SACRAMENTO, Calif. (AP) — Gov. Jerry Brown and his Republican challenger Neel Kashkari will meet Thursday for what is likely to be the only gubernatorial debate this election season, as a new Field Poll finds the governor has a lead of 16 percentage points among likely voters.
In an unusual twist for a Republican candidate, Kashkari, a former U.S. Treasury official who helped lead the federal bank bailout, has made poverty and inequality centerpieces of his campaign. He has posed as a homeless man on the streets of Fresno to underscore the unevenness of California's economic recovery.
Those topics are likely to figure prominently during the Thursday night debate in a television studio across from the Capitol.
Education reform, the state's $68 billion high-speed rail project, Brown's realignment law that shifted tens of thousands of criminals to county jails, and the state's business climate are other possible subjects of disagreement.
Kashkari is expected to capitalize on electric carmaker Tesla's announcement Thursday that it would build its battery plant in Nevada instead of its home state of California as an example of California's unfriendly business environment.
Brown, 76, is likely to call attention to Kashkari's lead role in overseeing the Troubled Asset Relief Program, which bailed out the banks and investment houses that many blamed for creating the recession. Kashkari's campaign notes that the federal government eventually was repaid $435.8 billion after giving out $422.2 billion.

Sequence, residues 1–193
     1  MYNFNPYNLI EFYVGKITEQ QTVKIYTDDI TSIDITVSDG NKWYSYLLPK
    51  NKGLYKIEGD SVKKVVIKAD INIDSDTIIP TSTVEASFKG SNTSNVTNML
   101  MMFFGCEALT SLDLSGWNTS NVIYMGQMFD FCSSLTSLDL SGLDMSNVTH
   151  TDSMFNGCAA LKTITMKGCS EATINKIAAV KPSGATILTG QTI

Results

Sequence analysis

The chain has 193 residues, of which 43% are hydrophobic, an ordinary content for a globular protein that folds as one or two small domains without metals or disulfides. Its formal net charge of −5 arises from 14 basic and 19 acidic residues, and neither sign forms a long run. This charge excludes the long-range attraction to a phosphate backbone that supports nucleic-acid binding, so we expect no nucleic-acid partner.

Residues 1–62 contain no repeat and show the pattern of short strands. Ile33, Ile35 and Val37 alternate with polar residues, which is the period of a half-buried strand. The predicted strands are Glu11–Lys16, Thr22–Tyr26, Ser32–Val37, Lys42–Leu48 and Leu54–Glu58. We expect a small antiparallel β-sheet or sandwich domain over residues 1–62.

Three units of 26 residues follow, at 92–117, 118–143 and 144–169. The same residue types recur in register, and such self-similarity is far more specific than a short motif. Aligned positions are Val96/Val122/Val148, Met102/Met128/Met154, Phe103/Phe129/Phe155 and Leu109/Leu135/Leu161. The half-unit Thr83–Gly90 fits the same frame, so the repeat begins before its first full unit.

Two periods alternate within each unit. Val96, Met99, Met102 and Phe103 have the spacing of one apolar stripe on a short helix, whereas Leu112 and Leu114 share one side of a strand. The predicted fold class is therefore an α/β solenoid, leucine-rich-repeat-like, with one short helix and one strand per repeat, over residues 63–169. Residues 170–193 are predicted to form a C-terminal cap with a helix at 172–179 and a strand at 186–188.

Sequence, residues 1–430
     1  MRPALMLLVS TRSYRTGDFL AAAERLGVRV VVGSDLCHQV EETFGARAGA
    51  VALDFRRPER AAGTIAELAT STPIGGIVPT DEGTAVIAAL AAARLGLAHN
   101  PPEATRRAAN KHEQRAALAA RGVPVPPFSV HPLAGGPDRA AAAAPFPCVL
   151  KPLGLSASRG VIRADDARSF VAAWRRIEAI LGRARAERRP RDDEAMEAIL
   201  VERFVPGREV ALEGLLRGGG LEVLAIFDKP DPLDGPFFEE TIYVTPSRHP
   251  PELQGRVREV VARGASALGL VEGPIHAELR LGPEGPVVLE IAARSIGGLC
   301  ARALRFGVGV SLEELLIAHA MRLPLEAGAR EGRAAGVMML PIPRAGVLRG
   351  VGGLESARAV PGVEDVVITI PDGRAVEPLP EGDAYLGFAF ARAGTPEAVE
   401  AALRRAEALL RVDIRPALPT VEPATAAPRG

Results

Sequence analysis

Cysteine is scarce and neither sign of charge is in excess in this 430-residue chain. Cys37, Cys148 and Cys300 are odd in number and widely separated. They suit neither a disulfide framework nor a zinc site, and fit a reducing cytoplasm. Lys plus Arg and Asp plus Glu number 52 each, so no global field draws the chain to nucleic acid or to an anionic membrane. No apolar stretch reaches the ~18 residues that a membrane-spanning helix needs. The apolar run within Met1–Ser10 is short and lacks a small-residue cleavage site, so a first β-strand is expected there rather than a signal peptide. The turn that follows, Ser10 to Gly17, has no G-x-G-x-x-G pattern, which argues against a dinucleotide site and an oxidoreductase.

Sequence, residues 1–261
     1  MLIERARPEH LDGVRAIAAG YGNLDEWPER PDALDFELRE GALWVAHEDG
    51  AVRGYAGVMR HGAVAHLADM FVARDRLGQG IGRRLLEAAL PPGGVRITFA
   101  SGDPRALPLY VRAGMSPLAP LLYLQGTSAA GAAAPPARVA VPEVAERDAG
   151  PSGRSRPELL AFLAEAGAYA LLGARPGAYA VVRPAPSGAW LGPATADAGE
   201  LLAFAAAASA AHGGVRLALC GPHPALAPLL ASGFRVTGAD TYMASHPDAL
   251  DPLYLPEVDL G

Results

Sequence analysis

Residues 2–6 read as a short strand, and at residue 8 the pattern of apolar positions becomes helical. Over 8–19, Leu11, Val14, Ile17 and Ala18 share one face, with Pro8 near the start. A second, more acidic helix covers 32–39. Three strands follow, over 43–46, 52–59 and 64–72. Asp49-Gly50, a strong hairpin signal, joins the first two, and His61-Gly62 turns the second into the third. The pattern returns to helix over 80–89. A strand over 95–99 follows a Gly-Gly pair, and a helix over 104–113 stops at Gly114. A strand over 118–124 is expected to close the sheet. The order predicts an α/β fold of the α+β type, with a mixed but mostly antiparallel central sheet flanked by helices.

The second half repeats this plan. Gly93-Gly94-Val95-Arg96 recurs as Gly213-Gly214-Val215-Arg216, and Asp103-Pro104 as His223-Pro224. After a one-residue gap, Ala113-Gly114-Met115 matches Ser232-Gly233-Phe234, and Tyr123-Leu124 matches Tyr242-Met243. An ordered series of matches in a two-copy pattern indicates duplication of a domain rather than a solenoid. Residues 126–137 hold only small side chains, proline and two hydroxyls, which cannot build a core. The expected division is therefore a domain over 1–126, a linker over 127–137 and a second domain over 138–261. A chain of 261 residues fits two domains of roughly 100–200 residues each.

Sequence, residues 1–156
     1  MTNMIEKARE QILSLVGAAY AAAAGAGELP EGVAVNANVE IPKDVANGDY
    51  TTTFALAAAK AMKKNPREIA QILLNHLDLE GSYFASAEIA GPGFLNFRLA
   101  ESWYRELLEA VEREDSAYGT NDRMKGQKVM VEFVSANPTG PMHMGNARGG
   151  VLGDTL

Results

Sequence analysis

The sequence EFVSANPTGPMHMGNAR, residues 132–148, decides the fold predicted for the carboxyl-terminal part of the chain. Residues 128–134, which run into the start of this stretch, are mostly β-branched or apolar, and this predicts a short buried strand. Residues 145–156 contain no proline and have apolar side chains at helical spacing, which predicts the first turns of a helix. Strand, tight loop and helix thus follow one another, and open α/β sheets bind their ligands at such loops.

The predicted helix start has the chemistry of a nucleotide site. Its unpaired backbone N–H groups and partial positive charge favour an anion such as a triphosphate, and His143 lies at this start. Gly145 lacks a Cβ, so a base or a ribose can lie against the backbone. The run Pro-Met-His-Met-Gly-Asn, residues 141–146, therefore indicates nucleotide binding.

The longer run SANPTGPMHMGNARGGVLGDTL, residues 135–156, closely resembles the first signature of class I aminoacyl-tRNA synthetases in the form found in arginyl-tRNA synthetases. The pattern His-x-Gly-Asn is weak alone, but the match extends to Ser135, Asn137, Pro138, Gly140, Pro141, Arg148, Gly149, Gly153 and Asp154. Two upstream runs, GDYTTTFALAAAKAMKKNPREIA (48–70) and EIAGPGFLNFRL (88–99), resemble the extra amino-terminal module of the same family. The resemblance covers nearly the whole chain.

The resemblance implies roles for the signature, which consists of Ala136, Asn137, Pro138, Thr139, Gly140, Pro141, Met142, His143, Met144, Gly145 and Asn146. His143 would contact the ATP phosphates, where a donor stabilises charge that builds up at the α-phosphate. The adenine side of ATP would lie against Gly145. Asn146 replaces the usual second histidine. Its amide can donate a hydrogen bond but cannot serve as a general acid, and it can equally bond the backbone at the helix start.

The Democratic governor heads into the debate enjoying relatively high popularity after helping turn years of state budget deficits into surpluses and acting as a check on the more liberal ambitions of the Democratic-controlled Legislature. He is trying for an unprecedented fourth term and has support from a wide array of interests and at least $23 million in his campaign account.
Kashkari, 41, pegged his personal fortune at less than $5 million before he spent $2 million of that on his primary campaign. He reported having $200,000 in his campaign account at the end of June and has collected another $650,000 since then.
Kashkari sparred with his chief primary election rival during a radio debate earlier this year, but Thursday's debate with Brown will provide his widest exposure to date and offers the best shot to make his case with voters.
He has struggled to gain attention and had called on Brown to debate him 10 times, finally settling for just one.
The hourlong debate starts at 7 p.m. PDT and will be held in the studios of The California Channel. Other sponsors are KQED, the Los Angeles Times and Telemundo52.
The debate, airing at the same time as the opening night of the NFL, was nearly derailed because of a last-minute dispute over seating arrangements.
Kashkari's campaign manager, Pat Melton, said he objected to the initial requirement that the candidates sit on low-backed stools behind lecterns the entire time, and asked that Kashkari be allowed to stand.
"He's just got a chronic lower back pain; he's had it since 2006," Melton said.
Melton said debate organizers rejected the request and threatened Wednesday night to cancel the debate unless Kashkari agreed to remain seated for the duration. The campaign agreed under protest, Melton said.
Kevin Eckery, a spokesman for the organizers, said the extremely small studio dictated the production ground rules, including the stools.
"By the time you throw in three journalists, two candidates, a set, cameras, wires, water — you don't want to create a situation where one person moving could create a Chevy Chase moment," he said, referring to the comedian.